Approximately 50% of all adults will snore occasionally and about 25% will be habitual snorers. That's not good news for their partners!
Snoring is a coarse sound made by vibrations of the soft palate and other tissue in the mouth, nose & throat (upper airway). It is caused by turbulence inside the airway when breating in. It happens when air doesn't move smoothly through your air passages making tissue in your mouth, nose and throat vibrate as the air passes through. The flow of air can be blocked because of excess tissue in the nose, mouth and throat, the position you sleep in or because of a health condition.
Snoring is very common and is more likely the older you are. Among 30â€“35 year-olds, about 20% of men and 5% of women snore regularly. By the age of 60 years, about 60% of men and 40% of women snore regularly.
Snoring is something that cannot be stopped at will, neither is it something that can be 'cured'. It can however, be successfully controlled.
As some causes of snoring are because of lifestyle, there are changes you can make to minimise snoring:
Maintain a healthy diet and weight.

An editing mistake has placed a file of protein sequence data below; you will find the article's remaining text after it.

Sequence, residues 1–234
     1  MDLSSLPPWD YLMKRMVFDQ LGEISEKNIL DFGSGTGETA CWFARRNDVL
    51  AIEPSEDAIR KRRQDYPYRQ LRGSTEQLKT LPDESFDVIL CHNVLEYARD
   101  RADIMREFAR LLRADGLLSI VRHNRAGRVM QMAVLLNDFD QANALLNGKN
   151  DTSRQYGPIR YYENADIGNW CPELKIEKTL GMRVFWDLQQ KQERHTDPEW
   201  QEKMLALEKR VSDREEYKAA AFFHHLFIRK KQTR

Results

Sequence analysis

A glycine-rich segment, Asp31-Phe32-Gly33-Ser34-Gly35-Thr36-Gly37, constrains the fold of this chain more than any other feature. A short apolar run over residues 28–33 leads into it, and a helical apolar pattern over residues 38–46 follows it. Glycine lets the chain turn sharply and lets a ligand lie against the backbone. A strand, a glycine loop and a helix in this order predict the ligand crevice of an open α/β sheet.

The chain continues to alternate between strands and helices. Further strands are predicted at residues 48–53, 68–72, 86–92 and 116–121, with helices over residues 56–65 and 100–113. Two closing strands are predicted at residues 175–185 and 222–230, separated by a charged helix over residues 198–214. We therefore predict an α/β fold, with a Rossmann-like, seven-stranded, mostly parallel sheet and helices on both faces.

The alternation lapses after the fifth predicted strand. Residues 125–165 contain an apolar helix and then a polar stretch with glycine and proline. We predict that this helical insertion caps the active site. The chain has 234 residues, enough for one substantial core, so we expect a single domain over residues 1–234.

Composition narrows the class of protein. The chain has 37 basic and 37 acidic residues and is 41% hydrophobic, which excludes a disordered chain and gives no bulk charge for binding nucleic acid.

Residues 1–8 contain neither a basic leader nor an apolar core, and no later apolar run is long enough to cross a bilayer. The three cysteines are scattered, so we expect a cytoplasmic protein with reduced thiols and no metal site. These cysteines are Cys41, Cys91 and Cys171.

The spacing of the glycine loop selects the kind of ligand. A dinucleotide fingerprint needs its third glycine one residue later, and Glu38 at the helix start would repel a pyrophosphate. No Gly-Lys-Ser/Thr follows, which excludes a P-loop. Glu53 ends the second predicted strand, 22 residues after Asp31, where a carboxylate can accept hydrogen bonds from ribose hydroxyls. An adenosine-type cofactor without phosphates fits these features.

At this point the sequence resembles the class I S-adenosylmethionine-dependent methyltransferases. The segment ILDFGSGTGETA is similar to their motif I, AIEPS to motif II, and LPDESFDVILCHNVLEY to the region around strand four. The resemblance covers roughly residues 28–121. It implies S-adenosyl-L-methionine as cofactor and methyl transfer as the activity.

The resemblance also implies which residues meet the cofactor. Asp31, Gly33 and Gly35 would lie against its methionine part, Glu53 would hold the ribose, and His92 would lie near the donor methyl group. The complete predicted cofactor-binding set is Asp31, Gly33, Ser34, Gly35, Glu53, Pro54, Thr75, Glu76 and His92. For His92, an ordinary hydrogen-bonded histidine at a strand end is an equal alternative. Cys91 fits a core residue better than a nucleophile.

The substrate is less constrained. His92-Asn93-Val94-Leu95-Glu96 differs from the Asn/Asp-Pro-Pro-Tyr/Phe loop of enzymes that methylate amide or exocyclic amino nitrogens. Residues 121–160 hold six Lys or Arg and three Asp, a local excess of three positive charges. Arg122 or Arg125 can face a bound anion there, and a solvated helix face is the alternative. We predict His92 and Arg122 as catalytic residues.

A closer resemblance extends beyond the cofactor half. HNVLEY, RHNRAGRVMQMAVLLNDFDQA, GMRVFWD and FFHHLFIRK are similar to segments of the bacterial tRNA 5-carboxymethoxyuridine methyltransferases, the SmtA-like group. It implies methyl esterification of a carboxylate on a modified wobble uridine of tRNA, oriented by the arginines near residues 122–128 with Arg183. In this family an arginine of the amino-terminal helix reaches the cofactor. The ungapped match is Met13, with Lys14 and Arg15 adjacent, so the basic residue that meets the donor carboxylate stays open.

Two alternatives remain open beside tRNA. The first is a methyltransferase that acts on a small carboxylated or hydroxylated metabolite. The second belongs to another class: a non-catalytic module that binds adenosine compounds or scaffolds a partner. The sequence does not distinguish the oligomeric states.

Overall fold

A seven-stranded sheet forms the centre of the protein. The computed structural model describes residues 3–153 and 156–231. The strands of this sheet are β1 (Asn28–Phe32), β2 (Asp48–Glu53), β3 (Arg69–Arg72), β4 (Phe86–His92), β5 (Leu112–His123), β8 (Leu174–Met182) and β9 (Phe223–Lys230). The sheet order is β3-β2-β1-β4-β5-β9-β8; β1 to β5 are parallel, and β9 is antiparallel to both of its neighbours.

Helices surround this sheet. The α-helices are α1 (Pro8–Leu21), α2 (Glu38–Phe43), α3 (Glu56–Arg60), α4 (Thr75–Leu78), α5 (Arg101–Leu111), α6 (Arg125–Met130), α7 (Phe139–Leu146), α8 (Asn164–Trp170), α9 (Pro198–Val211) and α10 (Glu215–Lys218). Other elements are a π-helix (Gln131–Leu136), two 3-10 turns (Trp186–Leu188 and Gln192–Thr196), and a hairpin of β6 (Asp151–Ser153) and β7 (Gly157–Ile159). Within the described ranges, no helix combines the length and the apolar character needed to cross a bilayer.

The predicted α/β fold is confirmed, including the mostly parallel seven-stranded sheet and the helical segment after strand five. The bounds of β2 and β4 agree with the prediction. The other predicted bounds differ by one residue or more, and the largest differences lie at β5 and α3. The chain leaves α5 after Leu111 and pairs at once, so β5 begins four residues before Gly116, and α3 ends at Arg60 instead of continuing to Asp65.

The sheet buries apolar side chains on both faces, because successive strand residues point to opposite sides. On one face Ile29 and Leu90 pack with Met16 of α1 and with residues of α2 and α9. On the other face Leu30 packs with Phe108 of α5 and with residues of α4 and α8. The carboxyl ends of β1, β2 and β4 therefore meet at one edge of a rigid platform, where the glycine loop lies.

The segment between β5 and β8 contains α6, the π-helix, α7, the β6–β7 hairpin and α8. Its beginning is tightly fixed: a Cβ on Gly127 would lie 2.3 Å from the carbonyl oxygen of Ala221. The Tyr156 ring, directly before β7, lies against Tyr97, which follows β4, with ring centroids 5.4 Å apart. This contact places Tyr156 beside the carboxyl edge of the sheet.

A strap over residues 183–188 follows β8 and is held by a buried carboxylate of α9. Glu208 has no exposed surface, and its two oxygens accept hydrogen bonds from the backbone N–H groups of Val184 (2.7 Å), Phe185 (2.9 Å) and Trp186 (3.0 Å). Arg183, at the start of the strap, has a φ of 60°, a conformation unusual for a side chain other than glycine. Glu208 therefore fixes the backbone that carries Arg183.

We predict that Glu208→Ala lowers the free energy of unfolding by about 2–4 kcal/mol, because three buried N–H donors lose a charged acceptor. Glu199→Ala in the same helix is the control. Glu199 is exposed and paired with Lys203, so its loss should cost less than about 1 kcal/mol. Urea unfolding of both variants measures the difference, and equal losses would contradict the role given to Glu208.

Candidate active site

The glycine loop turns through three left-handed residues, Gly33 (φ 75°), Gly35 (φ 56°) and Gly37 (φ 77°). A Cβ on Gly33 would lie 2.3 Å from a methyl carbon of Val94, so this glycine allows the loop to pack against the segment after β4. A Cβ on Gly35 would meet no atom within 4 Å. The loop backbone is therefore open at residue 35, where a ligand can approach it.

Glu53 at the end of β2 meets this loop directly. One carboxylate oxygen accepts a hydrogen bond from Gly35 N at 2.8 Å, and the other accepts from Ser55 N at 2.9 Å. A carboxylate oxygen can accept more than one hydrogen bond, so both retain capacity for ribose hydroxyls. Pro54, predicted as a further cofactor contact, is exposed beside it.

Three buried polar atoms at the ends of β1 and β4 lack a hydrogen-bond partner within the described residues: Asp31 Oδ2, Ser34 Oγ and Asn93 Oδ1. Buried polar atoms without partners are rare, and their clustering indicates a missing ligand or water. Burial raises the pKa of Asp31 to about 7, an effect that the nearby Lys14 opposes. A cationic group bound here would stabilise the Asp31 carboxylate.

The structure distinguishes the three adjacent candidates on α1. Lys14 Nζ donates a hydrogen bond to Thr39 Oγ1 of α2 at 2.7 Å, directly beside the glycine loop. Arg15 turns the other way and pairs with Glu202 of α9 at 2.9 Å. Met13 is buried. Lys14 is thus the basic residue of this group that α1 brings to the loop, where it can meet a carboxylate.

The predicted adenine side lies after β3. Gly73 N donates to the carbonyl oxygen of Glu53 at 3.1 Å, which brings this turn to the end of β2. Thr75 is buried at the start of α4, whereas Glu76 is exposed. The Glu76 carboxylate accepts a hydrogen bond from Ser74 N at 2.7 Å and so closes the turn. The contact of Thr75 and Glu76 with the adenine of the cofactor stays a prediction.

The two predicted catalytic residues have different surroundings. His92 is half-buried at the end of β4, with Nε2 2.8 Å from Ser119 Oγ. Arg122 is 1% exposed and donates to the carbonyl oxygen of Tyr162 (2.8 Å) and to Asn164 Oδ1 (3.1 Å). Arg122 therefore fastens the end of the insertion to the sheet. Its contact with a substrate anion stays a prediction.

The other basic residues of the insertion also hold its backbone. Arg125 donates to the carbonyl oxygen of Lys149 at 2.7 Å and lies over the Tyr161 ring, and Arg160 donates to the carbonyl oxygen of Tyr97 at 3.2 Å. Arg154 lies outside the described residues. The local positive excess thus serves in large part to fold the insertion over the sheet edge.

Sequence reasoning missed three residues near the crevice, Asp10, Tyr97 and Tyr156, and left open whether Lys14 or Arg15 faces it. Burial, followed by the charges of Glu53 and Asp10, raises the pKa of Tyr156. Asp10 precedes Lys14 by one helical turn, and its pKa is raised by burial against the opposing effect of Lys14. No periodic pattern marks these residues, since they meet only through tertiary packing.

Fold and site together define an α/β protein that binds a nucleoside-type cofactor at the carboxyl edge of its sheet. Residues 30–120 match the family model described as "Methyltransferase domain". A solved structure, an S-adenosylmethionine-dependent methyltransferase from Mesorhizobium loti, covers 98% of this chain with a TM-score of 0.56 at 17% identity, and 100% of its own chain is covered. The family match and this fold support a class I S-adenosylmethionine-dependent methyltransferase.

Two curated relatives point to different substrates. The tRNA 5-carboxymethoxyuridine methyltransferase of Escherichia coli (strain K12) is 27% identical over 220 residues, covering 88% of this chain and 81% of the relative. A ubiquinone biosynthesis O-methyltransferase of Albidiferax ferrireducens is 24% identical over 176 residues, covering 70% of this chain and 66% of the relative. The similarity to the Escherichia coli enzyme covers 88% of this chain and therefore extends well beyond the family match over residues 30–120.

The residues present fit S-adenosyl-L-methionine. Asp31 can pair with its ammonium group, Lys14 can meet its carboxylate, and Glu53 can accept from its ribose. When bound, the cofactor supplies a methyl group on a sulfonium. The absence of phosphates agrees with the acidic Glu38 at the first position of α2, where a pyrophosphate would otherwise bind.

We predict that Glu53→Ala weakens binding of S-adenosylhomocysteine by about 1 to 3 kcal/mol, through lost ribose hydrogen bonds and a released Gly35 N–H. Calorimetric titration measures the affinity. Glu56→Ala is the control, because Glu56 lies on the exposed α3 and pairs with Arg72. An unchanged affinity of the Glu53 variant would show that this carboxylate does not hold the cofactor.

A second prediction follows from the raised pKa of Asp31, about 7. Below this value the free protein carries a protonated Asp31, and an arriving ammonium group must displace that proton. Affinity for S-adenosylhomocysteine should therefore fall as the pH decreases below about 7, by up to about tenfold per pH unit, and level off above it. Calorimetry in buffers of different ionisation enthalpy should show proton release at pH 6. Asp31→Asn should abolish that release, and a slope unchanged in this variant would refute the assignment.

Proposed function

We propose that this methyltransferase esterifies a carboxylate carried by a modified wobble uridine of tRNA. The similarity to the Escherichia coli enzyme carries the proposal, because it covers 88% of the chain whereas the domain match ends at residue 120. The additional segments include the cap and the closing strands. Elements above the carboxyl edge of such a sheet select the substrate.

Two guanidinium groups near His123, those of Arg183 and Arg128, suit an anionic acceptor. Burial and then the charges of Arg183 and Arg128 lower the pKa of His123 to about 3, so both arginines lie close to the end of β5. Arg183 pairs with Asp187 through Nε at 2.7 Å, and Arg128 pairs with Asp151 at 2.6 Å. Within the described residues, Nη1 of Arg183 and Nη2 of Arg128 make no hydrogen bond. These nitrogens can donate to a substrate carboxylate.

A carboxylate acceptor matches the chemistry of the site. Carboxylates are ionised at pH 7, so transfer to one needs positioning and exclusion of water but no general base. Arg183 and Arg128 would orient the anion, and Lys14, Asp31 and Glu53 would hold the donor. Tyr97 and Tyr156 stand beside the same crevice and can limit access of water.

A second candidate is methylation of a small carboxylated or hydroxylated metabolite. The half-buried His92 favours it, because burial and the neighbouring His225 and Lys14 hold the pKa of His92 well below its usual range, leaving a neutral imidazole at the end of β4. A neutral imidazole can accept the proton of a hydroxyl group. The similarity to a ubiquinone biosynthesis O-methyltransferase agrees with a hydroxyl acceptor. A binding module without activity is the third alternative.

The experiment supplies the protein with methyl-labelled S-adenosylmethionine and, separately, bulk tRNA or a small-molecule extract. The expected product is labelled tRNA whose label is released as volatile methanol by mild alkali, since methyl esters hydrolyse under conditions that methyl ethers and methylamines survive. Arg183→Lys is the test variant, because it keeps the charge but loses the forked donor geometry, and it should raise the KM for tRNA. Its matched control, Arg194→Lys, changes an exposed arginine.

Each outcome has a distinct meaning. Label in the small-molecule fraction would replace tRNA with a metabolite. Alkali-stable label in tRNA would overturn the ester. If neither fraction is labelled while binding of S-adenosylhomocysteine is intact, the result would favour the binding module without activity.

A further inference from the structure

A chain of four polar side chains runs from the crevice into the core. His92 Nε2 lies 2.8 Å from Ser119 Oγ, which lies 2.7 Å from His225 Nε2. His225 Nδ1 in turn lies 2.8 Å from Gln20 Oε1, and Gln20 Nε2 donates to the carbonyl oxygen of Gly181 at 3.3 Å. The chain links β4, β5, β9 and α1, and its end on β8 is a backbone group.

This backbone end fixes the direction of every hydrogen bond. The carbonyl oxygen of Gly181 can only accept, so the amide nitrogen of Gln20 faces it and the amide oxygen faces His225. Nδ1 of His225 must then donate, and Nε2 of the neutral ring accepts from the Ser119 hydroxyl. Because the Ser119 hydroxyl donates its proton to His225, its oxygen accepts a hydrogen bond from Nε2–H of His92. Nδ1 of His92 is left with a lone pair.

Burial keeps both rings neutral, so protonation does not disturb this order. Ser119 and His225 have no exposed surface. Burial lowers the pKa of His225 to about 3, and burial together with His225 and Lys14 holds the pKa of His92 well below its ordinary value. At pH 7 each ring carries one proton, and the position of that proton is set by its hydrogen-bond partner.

Get regular exercise to strengthen muscles all over your body.
Try to sleep on your side rather than your back.
Avoid alcohol before going to bed.
Quit or cut down on smoking.
Other Treatments for snoring
Nostril dilators encourage nasal breathing and help to prevent mouth breathing. To decide if nasal dilators might help, stand in front of a mirror and close one nostril with your hand. Breathe in through the other and see if the nostril tends to get sucked in. If it does, support it with the clean end of a match and see if breathing is easier. Check the other nostril in the same way. If this does improve your breathing, then nasal dilators might be helpful (only 10% of snorers are in this category). There are various types of nasal dilator. Some are inserted into the nostrils and some are self-adhesive strips that you apply to the outside of the nose to widen the nostrils. You can buy them from pharmacies.
Plastic mouth devices (technically called mandibular advancement splints, because the mandible is the bone of the lower jaw) are available to hold the jaw slightly forward while you sleep; when the jaw is in this forward position the airway opens wider.